NTSB Identification: FTW02LA198.
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Nonscheduled 14 CFR FedEx Express
Accident occurred Monday, June 10, 2002 in El Paso, TX
Probable Cause Approval Date: 07/25/2007
Aircraft: Airbus Industrie A300-600F, registration: N681FE
Injuries: 2 Uninjured.
NTSB investigators may not have traveled in support of this investigation and used data provided by various sources to prepare this aircraft accident report.
The flight crew briefed the departure, completed the taxi-out and pre-departure checklist and entered the V-speeds (V1 was 139 knots and Vr was approximately 143 knots) into the flight management system (FMS) with both crewmember's primary flight display (PFD) displaying the V-speeds with the standard blue lines and no discrepancies noted. The captain entered the V2 speed (approximately 143 knots) into the flight control computer in the glare shield and entered 250 knots for the extended speed to 10,000 feet msl. The first officer did not recall being distracted during the checklist or before takeoff procedures. The flight crew requested and was cleared for departure on runway 04. The PF aligned the airplane on the runway and applied standard take-off power. The flight instruments were cross-checked at 80 knots and the V-speeds were correctly displayed on the PFD. The first officer checked the engine diagnostic page to observe the #2 engine vibrations. According to the first officer, when he looked back at the PFD, the V-speeds were not displayed, and V2 had reset to 100 knots. The first officer did not look at the speed index (correct raw speed data) on the left side of the PFD. The first officer called V1 rotate, and the captain responded to an aircraft pitch of approximately 12 degrees. The captain realized the airplane was not climbing or accelerating properly. The first officer realized the airspeed was approximately 120-125 knots (below V2) and called for the captain to lower the nose of the airplane. The captain lowered the nose, and executed a rejected take-off by pulling the throttles to idle. The flight control computer automatically applied maximum auto brakes, the airplane slowed, and the captain taxied the airplane off the runway. Neither flight crewmember recalled the aft end of the airplane strike the runway. The flight crew deplaned, entered the discrepancy "rejected T/O due to FMS speeds dumping and blue A/S line rolling back to 100. Rejected @ 120 knots Raw data still indicated properly." in the Aircraft Maintenance Log (AML) and departed the airport. The flight release weight and balance indicated the takeoff gross weight was 297,184 pounds. The takeoff center of gravity was 24.9. The DFDR revealed the following (1) The airplane became airborne for about 4 seconds. During the takeoff roll, pitch attitude reached 13.4 degrees airplane nose up with control column position recorded as 7.1 degree aft and elevator position recorded as 16.6 degree trailing edge up. (2) Pitch attitude decreased and was approximately 6 degrees upon touchdown of the left and right main landing gear, at which time the airplane experienced a vertical acceleration of 1.844 g's. (3) Airspeed was recorded as 114 knots when the nose gear initially left the ground. Airspeed continued to increase and was recorded as 131 knots. Following touchdown of the nose landing gear, airspeed reached its maximum recorded value of 138 knots. (4) Engine 1 and engine 2 thrust reversers were briefly unlocked before both were unlocked again and remained in that state. (5) Longitudinal acceleration reached -0.584 g's and lateral acceleration reached -0.151 g's during the rejected takeoff sequence. According to the operator's representative, the "test results for the Flight Control Computer, Flight Management Computer, Flight Warning Computer, ECAM, Flight Augmentation Computer, and Signal Generator Unit found no faults. Examination of the aircraft found no anomalies that would have prevented it from operating per design prior to the tail strike.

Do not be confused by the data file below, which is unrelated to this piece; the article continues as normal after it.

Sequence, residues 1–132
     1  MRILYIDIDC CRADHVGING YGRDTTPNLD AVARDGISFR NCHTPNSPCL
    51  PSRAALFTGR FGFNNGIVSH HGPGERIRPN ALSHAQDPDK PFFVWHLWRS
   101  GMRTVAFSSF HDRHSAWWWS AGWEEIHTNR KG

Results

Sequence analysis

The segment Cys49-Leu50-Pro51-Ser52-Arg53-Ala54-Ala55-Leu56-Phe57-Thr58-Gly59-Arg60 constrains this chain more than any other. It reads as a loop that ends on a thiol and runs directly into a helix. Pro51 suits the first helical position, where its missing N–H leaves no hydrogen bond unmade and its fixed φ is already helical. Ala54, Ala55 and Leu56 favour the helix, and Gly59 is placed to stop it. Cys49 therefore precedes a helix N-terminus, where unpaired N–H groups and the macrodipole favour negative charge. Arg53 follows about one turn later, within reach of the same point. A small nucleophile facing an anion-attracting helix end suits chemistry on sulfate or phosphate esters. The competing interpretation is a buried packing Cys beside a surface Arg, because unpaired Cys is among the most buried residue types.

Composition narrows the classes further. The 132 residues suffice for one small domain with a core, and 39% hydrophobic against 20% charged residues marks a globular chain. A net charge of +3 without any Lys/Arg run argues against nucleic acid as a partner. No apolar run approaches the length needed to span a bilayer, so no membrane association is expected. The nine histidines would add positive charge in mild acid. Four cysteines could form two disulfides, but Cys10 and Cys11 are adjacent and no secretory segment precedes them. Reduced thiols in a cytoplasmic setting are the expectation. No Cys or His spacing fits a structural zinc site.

The National Transportation Safety Board determines the probable cause(s) of this accident to be: The flight crew's failure to obtain the Vr speed prior to rotation which resulted in insufficient lift and the subsequent tail strike. Full narrative available
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